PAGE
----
Custody deaths: Cops protect their own

No FIRs and inquiries against policemen result in poor conviction.

Published: 15th April 2018 07:50 AM  |   Last Updated: 15th April 2018 08:18 AM   |  A+A-

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NEW DELHI: If the conviction rate of policemen accused of custodial death is anything to go by, then the family of the Unnao rape victim, whose father Surendra Kumar died in police custody this week, may not get justice.According to the National Crime Record Bureau, only five per cent of the policemen are convicted. Between 2000 and 2016, there were 1,022 deaths in police custody. But FIRs were filed in 428 cases only, the NCRB data shows. Out of this, only in 234 cases did the police file charge sheets. Not surprisingly, only 24 policemen have been convicted so far. 

In 50 per cent of the custodial deaths, magisterial inquiries were not conducted. In many cases, autopsy was also not conducted. These are cases where police didn’t get custody. The deceased were in detention or had been arrested, but couldn’t be produced in court. Former Delhi Police Commissioner Neeraj Kumar told The Sunday Standard that mostly people die a natural death and sometimes the judges are also compromised.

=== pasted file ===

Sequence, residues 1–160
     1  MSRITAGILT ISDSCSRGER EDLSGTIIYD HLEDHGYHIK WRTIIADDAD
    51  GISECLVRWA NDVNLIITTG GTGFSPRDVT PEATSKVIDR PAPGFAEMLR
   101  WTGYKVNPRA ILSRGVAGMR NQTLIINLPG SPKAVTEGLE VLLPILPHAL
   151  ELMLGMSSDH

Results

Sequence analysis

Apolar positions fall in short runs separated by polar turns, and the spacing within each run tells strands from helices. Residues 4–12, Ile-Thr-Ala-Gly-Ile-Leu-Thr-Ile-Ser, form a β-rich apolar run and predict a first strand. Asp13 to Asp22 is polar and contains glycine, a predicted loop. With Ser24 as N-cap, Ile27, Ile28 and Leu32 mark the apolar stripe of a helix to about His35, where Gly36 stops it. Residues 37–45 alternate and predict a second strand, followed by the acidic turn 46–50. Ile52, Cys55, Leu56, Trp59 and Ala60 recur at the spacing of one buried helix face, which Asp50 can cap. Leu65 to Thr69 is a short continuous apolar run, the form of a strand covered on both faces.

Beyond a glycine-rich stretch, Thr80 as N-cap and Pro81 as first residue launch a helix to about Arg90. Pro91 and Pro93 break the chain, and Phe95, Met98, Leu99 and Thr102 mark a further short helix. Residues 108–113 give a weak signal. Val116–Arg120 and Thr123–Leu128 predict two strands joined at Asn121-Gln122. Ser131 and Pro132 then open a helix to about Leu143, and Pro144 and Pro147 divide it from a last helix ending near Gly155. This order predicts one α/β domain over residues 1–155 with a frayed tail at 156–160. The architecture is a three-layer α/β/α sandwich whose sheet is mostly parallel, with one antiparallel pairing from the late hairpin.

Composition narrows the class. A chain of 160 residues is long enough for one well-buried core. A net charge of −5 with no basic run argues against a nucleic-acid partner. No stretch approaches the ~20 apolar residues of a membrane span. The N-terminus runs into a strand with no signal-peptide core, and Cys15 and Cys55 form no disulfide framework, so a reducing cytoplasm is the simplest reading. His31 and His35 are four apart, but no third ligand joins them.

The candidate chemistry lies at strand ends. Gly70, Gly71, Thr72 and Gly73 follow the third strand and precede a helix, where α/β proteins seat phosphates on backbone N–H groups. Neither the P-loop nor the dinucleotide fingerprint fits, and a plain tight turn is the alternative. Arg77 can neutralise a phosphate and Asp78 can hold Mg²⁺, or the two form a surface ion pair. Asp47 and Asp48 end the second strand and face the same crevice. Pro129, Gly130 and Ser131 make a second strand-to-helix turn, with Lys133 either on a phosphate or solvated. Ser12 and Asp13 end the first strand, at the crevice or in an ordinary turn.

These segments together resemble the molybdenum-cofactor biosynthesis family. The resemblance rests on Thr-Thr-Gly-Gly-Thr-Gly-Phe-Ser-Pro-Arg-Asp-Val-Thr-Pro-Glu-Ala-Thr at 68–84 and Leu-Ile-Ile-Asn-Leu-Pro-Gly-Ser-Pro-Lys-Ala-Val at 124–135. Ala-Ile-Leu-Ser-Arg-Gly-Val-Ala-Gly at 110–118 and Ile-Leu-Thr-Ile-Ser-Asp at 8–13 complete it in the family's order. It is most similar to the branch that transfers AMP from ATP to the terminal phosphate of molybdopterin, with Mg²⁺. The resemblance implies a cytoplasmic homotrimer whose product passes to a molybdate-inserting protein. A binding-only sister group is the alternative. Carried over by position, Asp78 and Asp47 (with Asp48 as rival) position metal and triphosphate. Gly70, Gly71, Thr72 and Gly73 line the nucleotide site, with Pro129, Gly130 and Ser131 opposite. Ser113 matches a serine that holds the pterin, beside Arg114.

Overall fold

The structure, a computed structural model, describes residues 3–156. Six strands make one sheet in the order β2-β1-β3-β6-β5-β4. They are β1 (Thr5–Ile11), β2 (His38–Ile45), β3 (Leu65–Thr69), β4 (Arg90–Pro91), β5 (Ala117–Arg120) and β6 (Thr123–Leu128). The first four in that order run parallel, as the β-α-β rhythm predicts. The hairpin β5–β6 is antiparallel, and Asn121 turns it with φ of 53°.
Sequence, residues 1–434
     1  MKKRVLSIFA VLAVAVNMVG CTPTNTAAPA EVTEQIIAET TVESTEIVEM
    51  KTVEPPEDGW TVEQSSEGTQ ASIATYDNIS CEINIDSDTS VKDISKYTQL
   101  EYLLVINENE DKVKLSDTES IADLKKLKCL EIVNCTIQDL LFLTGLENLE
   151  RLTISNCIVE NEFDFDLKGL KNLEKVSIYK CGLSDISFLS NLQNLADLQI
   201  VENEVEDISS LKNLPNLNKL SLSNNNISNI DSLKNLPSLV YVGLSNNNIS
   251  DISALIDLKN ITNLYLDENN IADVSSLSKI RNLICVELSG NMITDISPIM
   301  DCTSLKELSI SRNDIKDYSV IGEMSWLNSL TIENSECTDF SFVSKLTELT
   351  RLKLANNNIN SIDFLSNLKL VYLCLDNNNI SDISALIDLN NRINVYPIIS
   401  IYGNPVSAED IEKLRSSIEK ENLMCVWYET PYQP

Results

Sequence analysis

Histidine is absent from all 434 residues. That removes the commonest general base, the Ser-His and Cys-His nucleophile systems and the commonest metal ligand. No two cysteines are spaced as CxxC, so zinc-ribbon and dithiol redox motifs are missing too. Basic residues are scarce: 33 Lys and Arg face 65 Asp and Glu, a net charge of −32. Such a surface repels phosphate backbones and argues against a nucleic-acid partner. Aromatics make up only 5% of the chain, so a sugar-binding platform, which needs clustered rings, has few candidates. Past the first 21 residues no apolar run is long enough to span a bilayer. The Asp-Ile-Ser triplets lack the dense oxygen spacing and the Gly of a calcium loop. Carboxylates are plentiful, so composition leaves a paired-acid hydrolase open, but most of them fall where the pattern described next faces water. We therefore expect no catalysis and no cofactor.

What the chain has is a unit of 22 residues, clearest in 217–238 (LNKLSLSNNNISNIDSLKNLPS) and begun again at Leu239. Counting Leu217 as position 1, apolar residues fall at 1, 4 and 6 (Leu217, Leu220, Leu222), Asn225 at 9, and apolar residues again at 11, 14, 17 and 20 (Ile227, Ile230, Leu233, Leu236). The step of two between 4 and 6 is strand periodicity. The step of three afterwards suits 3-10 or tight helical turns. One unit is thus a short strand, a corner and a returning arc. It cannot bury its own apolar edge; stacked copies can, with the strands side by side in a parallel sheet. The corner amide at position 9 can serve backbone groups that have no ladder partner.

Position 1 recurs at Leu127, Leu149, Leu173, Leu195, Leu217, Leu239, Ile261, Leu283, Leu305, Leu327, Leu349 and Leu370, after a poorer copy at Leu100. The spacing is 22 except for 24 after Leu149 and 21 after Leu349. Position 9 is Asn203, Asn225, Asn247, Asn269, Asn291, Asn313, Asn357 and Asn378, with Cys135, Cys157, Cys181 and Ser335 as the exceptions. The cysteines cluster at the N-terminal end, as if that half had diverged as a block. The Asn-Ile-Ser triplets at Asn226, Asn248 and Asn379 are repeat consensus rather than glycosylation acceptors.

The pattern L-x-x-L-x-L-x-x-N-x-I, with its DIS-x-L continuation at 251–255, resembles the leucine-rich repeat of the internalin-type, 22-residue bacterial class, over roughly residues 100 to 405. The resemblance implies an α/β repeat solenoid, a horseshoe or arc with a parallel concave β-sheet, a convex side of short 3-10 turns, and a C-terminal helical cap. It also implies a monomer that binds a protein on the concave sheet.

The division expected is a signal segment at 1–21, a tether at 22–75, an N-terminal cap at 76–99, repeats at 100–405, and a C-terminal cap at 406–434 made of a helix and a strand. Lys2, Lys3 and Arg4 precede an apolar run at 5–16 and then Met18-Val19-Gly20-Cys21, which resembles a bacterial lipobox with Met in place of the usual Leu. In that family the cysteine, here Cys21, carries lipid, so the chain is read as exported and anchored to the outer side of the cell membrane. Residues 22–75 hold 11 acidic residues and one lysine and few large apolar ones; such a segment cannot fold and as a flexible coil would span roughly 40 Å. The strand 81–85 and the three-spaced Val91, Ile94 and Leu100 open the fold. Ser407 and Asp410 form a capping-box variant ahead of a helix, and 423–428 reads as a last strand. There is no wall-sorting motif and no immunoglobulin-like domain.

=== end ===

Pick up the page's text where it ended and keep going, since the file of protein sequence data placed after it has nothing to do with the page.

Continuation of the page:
“Whenever there is a custodial death, the popular perception is that the person died due to the treatment meted out by the police. In reality, people die due to many reasons like heart attack, or an injury received before arrest,” Kumar said. Asked about low conviction rate, he said, “The kind of evidence the court wants is not produced, accused cops play smart and sometimes judges are compromised.”

The family of Manoj Kumar who was allegedly picked up by six Delhi policemen from Uttam Nagar on 26 May, 2014 and turned up dead a few hours later, is still waiting to get justice. “It is just the beginning of a long-drawn battle for the family of the Unnao rape victim. They have to fight with the system, the police on a daily basis. In our case, the cops picked up my brother-in-law without any allegation and instead of taking Manoj to Bindapur police station, the six accused took him to Old Matiyala police station where he was beaten up badly and died. We are still fighting the case. Recently the accused got bail,” said Nishi Bhat.

Ajai Raj Sharma, former Delhi Police Commissioner, said, “If they find reasons to arrest the accused, they should arrest. Even in the Unnao case, police should have arrested the MLA even if it would have meant a backlash from the political class and a transfer for the arresting officer.” Criminal lawyer Gaurav Bansal, who fights custodial death cases, says cops play dirty games to protect their men and don’t add evidence. 

“Courts say that in custodial deaths, investigation should be done by a SIT, but they are also policemen. They will have a soft corner for the accused. In many cases, the investigating officer deliberately leaves out evidence which can be decisive. Sometimes they don’t go for DNA test, file charge sheet without Forensic report etc,” Bansal said.


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